Preventing recurrence: Policy alternatives for transitional justice in the Western Balkans
Dealing with the legacy of the past is still highly relevant in the Western Balkans today. Following the conflict in the 1990s, transitional justice efforts have so far failed to live up to the promise of ‘never again’.
In spite of the urgency to focus on prevention there is however currently no political will to do so in a determined and targeted manner. The political will for real action, that goes beyond financing projects or reiterating once again in summit outcome documents or regional strategies that transitional justice and reconciliation are important, is missing also by the EU and its member states.
But as we grapple with Covid-19 and changing geopolitical interests, we must ensure we also create space for dealing with the past in a way that prevents future conflicts and contributes to a better future. This we owe to the countless victims of the past and to the future generations to come.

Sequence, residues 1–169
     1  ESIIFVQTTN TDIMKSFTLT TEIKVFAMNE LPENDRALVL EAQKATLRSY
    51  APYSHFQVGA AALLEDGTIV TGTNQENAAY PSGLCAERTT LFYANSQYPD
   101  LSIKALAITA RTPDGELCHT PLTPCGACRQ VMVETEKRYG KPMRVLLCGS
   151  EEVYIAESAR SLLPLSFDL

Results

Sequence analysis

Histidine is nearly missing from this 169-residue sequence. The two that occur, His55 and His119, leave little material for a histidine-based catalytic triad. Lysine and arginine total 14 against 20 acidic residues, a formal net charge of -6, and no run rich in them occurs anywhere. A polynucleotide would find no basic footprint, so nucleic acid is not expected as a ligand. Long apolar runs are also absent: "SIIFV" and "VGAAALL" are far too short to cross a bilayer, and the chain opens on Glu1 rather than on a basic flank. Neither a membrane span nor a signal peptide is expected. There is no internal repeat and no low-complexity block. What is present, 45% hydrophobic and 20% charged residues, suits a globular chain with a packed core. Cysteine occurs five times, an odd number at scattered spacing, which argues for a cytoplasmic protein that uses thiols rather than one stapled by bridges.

Our new report Preventing recurrence: Policy alternatives for transitional justice in the Western Balkans aims to assist policymakers in widening the space for arguments around transitional justice, to give it direction by providing ideas for an alternative framework that links transitional justice to the prevention of recurrence of violence.
This framework includes different dimensions: the institutional level, the level of civil society and the cultural and individual sphere. To take a comprehensive response that integrates these different dimensions will, we believe, make a significant contribution in sparing future generations from excessive violence.
The report was produced by Impunity Watch and the Balkan Investigative Reporting Network (BIRN).